We are well into a New Year, and resolutions to get control of finances are often at the top of most resolution lists and in full motion. This is especially true if you are in financial trouble and contemplating bankruptcy.
Whether or not bankruptcy is in your future, you still need to deal with your financial situation now and in the future.
A budget is a good place to start. Basically a budget is a listing of all your expenses and all your income over a set period of time. Putting these items down on paper can be a real eye-opening experience, showing you exactly where there are opportunities to reduce expenses and save money. Having a savings cushion can be vital when emergency expenses arise, such as home or car repairs, or when you need to purchase big ticket items. Having savings will help you manage your finances in these situations without going into debt.
You don’t have to be a math whiz to build a budget, and the time you spend organizing your finances and tracking your spending will pay off in terms of having control of your finances. If you think about how much time you spend each day doing activities that have no positive benefit, you will be able to easily justify the time spent moving toward the goal of not spending more than you make, and putting aside money so you build savings. Not putting a financial plan in place can lead to overwhelming debt faster than you think.
Steps to Avoid Overwhelming Debt
The first step in developing a budget is to figure out how you will track your budget. This can be done with nothing more than a pencil and paper. You can establish a budget using a spreadsheet application or you can use an app on your computer or phone that is specifically for budgeting. For those that are technologically inclined, you are in luck, there are a number of highly rated apps and websites available for use.
The second step is to collect documents that give insight into your finances. These documents include paperwork that shows where you are spending your money such as utility bills, credit card bills, and miscellaneous receipts. Having more than one month of these bills is helpful because some bills, like your gas and electric bills, fluctuate depending on the time of the year.
Determining Your Expenses
To get a good idea of what you spend you should take the bills for a 12-month period and add them up and then divide the total by 12. That would give you a per month average. Don’t forget to add in your food bills as well as gas for your car, medial bills, and personal care items. Some of the tallies may shock you, perhaps putting things into perspective.
Your food bills are another area where it is important to average your costs. You will probably be shocked at how much you are spending on food, whether at the grocery store or restaurants.
Determining Your Income
Once you have a good handle on what you are paying for each month, you will need to determine your monthly income. This can be done from paystubs or your annual W-2 statement or 1099s. Be sure to include the federal, state and local taxes you pay as expenses. You also need to include as expenses what your pay for FICA, Medicare, insurance and other benefits and your company retirement savings.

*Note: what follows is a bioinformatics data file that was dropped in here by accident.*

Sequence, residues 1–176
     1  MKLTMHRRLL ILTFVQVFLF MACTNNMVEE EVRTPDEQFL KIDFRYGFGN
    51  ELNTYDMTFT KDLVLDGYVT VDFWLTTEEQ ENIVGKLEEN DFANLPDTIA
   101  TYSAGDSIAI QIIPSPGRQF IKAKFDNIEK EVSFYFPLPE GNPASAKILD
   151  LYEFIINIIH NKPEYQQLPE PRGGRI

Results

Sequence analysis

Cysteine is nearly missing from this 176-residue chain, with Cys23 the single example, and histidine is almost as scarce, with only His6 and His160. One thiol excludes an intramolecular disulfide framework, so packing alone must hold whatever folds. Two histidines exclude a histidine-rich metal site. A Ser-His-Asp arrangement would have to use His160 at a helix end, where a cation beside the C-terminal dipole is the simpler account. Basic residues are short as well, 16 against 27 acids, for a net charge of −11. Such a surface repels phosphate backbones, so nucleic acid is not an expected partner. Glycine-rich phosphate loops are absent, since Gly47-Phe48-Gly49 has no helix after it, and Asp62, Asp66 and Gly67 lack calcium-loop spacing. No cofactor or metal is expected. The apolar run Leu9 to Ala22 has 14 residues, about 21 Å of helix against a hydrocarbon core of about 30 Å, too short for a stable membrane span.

If your income is less than your expenses, it is time to analyze where you are able to trim your expenses. If it is out of your control and you are falling into deeper debt each month, personal bankruptcy may be an option for you.
Tips for Cutting Expenses
There are many online resources with tips on how to trim your budget and save money. Each year the AARP comes out with a list of 99 ways to save money. Some recommend that you pay cash when possible as it helps connect you closer to your money. Another recommendation is that you substitute as a way to keep yourself from feeling deprived. If you have a gym membership, cancel it and save that money to buy home gym equipment or if you buy coffee each day, stop and take that money to buy a good quality coffee maker for your home.
The bottom line is that the more you understand how much money you are spending each month compared to how much money you have coming in, the better you can make decisions that will keep you from spending more than you make. The important aspect of budgeting is that you establish a budget and that you track your expenses and update that budget regularly in order to get the best results.
When Bankruptcy is an Option
If you have exhausted your budget efforts and find that your debt is out of your control, talk to an experienced bankruptcy attorney about your options. A bankruptcy lawyer will take a realistic look at your financial situation and advise you accordingly.
Thinking about bankruptcy? Hines Law Offices is full-service bankruptcy firm that handles all types of debt relief matters to the residents of Massachusetts. Our bankruptcy attorneys specialize in Chapter 7 and Chapter 13 cases guiding you through the process and help implement a financial rebuilding plan. Don’t let your budget planning get out of control and bring on tremendous financial stress. Call our Bankruptcy Law Firm today for a Free Consultation!